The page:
Thursday 17 January 2019

World Cup will always be greatest show on earth

Scandals haven't reduced allure of sports event which means more than any other

Russian players go through their paces in Luzhniki Stadium ahead of today’s opening match against Saudia Arabia there. Photo: Dan Mullan/Getty Images
Russian players go through their paces in Luzhniki Stadium ahead of today’s opening match against Saudia Arabia there. Photo: Dan Mullan/Getty Images

Talking point: Daniel McDonnell

It will be 6pm in Moscow when the World Cup kicks off today - 4pm in Dublin; 11am in New York; 10pm in Bangkok; 1am in Sydney.

In normal circumstances, a game of football between Russia and Saudi Arabia would mean nothing to people in those countries. Probably not even in Russia itself.

But when the World Cup starts, the world watches. Whether it's over breakfast, or a distraction from work, or as a backdrop to an evening in or a night out, this is a tournament that unites sports fans from around the globe in a way that no other can.

The competition might have evolved and changed, but the magic still lives. It might be consumed in a different way now. Readers may recall a childhood where a major tournament was the only time that wall-to-wall football was available on television. You can find football at any hour of the day now if you know where to look.

There was a time when the detail of every game was consumed by the viewer, whereas we are now in an era where large swathes of the audience spend a game scrolling social media to see what other people are saying about it. The stadiums are packed with fans recording every moment so they can share the fact that they were there with other people, rather than savouring the occasion themselves.

And yet, it's entirely likely that the next five weeks will throw up sporting moments that will be remembered for generations. There will be children whose first vivid sporting memory will be drawn from this competition.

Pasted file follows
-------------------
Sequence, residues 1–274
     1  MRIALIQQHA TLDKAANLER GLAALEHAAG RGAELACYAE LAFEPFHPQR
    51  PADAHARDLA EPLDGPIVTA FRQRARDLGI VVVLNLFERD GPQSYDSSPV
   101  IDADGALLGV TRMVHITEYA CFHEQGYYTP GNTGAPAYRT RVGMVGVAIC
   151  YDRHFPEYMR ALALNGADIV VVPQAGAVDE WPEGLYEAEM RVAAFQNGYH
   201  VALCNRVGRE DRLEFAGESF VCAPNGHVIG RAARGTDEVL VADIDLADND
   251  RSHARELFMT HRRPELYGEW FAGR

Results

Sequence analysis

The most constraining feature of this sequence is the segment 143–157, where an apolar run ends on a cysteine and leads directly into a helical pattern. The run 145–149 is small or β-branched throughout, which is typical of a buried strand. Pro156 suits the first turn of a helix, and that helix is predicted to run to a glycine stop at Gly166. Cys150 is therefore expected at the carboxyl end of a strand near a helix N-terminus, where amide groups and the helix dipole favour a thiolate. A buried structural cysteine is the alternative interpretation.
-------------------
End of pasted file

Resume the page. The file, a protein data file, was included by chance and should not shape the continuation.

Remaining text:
Status FIFA have tried their best to chip away at the status of the World Cup, but the scale of a sporting event can often be judged on what it means to the protagonists. This competition can define careers; it can give individuals a status that will shape the first line of their obituary.

It's true that Lionel Messi and Cristiano Ronaldo do not need to lift the trophy to be remembered as great players. The club game is now a global beast that has cemented their legacy. But success for Argentina or Portugal would deliver the front-page image for the story of their sporting lives; it would rank above everything else.

Yes, the World Cup has been damaged by scandal and catastrophic decision-making. Qatar will the hardest sell of all. The hosting process should form the basis of academic studies on the subject of corruption, although the decision to bring the 2026 tournament to America, Canada and Mexico is a welcome step back in the right direction.

FIFA remain deeply unconvincing, yet dubious decision-making and questionable levels of governance is consistent with the long-term track record. Think of Argentina 1978, and a tournament that was a propaganda weapon for a murderous regime. Or Germany's shock 1954 win over favourites Hungary that left a stench when officials from the losing side found syringes in the victorious dressing room.

They are just two inglorious episodes. There are countless examples of shenanigans that favoured host countries or major powers on way to glory. Dodgy refs. Home-town decisions. Cover-ups.

What has changed in recent years is that the days of being able to describe international football as the gold standard is gone. In terms of quality of play, Champions League football is the benchmark. Real Madrid's announcement of Julen Lopetegui as their new boss provided a timely reminder of where the power lies - although it's likely that his epitaph will focus on the rancour created by his career move and the reaction of his Spanish employers.